- Who is Corn Pop? Here are all the theories about the gang leader from Joe Biden’s past Sunday 4:37 PM
- Fresh sexual misconduct allegations against Kavanaugh spur calls for impeachment Sunday 3:28 PM
- Mike Pence says a triple crown winning racehorse bit him Sunday 12:51 PM
- Disney CEO Bob Iger leaves Apple board amid streaming wars Sunday 12:01 PM
- Influencer Destiny Marquez faces backlash for berating Forever 21 employee Sunday 10:32 AM
- Chelsea Handler tackles system racism in ‘Hello Privilege. It’s Me, Chelsea’ Sunday 9:18 AM
- Gun control proposal: Trump, lawmakers considering background check-conducting app Sunday 9:05 AM
- How to stream Browns vs. Jets on Monday Night Football Sunday 7:00 AM
- What are anons? Sunday 6:30 AM
- How to stream Eagles vs. Falcons on Sunday Night Football Sunday 6:00 AM
- How to stream ‘Power’ season 6, episode 4 Sunday 5:00 AM
- How to stream WWE’s Clash of Champions 2019 Saturday 8:00 PM
- How ‘F*ck off Scotland’ became a Scottish rallying cry amid Brexit madness Saturday 6:28 PM
- A Missouri officer resigned after his Islamophobic Facebook posts surfaced Saturday 5:08 PM
- Adding ‘Triggered’ to stock photos of white men creates Netflix comedy special thumbnails Saturday 3:10 PM
What does it take to get the personal attention of a member of Congress? A good idea backed by a strong, logical argument? Reams of academic research backing your point of view? Broad-based grassroots support for your ideals from millions of people around the country?
If you nodded your head in the affirmative to any of those possibilities, that’s adorable. The correct answer is money, and a recent study by a pair of U.C. Berkeley political scientists published in the American Journal of Political Science proves it conclusively.
In their experiment, the researchers teamed up with progressive activist group CREDO Action and tried to schedule meetings between with 191 members of Congress about a bill to ban an environmentally damaging chemical. Authors Joshua Kalla and David Broockman wanted to see if identifying the CREDO members seeking meetings as campaign donors—rather than simply concerned constituents—had any effect on their ability to get meetings.
CREDO emailed its members who had donated to their local representatives, then sent a message to the staffers in charge of organizing the schedules of the 191 elected representatives. Each message said that about a dozen of the group’s members wanted to speak with the lawmaker, either in person or over the phone, about the legislation in question. Some of the messages identified the people requesting the meeting as “active political donors,” whereas others were simply called “concerned constituents.”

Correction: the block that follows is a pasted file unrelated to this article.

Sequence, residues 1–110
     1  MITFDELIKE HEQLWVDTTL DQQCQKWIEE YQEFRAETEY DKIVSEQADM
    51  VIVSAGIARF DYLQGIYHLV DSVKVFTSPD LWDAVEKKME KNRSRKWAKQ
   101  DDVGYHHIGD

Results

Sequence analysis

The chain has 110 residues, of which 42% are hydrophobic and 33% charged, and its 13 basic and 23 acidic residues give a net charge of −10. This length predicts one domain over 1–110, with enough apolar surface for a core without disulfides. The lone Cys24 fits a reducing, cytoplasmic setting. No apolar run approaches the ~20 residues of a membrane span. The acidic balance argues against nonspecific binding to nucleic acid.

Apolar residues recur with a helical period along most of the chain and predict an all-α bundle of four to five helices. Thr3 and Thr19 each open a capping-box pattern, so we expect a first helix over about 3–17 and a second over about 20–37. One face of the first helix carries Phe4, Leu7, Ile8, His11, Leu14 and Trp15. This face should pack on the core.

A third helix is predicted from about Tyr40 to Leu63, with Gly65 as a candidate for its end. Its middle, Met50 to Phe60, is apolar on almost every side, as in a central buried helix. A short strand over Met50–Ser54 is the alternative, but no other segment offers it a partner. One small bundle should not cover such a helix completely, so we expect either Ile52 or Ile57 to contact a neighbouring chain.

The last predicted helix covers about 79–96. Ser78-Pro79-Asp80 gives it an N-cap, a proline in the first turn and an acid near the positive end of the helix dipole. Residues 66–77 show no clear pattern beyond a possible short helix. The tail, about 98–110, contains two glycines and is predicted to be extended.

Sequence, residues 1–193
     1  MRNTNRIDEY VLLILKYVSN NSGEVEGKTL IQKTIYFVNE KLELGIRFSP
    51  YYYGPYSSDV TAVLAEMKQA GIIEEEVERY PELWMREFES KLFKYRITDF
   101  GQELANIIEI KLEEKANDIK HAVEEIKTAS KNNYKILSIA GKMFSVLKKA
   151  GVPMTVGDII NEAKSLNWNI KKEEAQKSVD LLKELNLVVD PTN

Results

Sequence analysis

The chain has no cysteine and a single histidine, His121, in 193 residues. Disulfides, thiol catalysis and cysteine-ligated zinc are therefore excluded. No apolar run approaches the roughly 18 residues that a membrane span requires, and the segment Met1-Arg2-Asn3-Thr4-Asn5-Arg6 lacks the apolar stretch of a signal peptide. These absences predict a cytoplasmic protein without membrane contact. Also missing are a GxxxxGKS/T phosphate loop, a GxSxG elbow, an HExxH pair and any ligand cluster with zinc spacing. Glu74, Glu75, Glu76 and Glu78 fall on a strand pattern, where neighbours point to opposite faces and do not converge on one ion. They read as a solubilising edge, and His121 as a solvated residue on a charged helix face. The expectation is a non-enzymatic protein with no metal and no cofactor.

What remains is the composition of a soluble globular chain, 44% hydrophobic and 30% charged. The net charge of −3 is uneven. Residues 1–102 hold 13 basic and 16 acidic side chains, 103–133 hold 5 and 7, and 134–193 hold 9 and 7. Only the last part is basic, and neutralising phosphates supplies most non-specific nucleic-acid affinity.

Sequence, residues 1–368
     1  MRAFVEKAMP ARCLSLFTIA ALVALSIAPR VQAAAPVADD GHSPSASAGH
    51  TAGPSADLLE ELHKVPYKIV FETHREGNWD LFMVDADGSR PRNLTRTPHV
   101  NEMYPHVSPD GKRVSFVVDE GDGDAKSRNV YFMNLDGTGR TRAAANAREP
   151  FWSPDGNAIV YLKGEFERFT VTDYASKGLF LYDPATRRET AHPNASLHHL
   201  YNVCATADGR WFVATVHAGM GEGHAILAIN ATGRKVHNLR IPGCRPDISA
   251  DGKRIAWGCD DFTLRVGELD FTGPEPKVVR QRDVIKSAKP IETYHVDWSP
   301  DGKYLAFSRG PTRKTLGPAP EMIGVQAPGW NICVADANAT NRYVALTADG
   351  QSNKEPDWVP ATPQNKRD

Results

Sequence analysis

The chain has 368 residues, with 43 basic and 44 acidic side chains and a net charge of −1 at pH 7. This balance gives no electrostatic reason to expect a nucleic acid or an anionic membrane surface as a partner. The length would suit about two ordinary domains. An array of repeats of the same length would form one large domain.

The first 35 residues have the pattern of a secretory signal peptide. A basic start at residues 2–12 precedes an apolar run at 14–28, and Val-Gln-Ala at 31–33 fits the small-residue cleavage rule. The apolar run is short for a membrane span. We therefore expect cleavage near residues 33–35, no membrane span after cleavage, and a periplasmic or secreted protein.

The researchers wanted to find out if simply introducing people in the context of giving money would affect the level of access they received. Nowhere in the messages did CREDO or the researchers mention anything about future donations. In all cases, the people requesting the meetings were donors.
Unsurprisingly, saying that the meetings were with donors made a huge difference. When congressional schedulers were told that meetings were with constituents, CREDO members were able to meet with members of Congress or their chiefs of staff a mere 2.4 percent of the time. When they were identified as past donors, those meetings occurred 12.5 percent of the time.
That is a 429 percent increase in someone’s ability to get face time with a lawmaker’s top staffers if they approached in the context of having giving money in the past. Put another way, members of Congress themselves were three times more likely to meet with people identified as donors than regular constituents. Similarly, people who want to meet with their representative in Congress have a 231% greater chance if they’ve donated.
This doesn’t mean people just identified as constituents never got the attention of lawmakers. Constituents were able to meet with district staff 13 percent of the time and district directors or legislative assistants 25 percent of the time. However, speaking with higher ranking staffers of the lawmakers themselves was almost entirely reserved for donors.
The authors noted that these findings carry some disturbing implications because they were able significantly alter how much attention elected leaders paid to to constituents solely based on replacing small phrase, often in a single email. When deep-pocketed individuals or powerful interest groups write large checks to members Congress, the effect is certainly much powerful, giving far more influence than the average citizen with the same financial resources to make large donations.
“[N]ot all organizations or individuals can be described as campaign contributors, as many Americans cannot afford to contribute to campaigns,” the study’s authors write. “The difference between how congressional offices reacted to the meeting requests when they were and were not aware that organization members had donated thus provides a window into the reception organized groups that contribute to campaigns receive in Washington, shedding light on how they succeed in influencing politics and suggesting troubling implications for political equality.”
Broockman told the Daily Dot that they’re looking to continue doing similar work, and are seeking more donors willing get involved.
Aaron Sankin is a former Senior Staff Writer at the Daily Dot who covered the intersection of politics, technology, online privacy, Twitter bots, and the role of dank memes in popular culture. He lives in Seattle, Washington. He joined the Center for Investigative Reporting in 2016.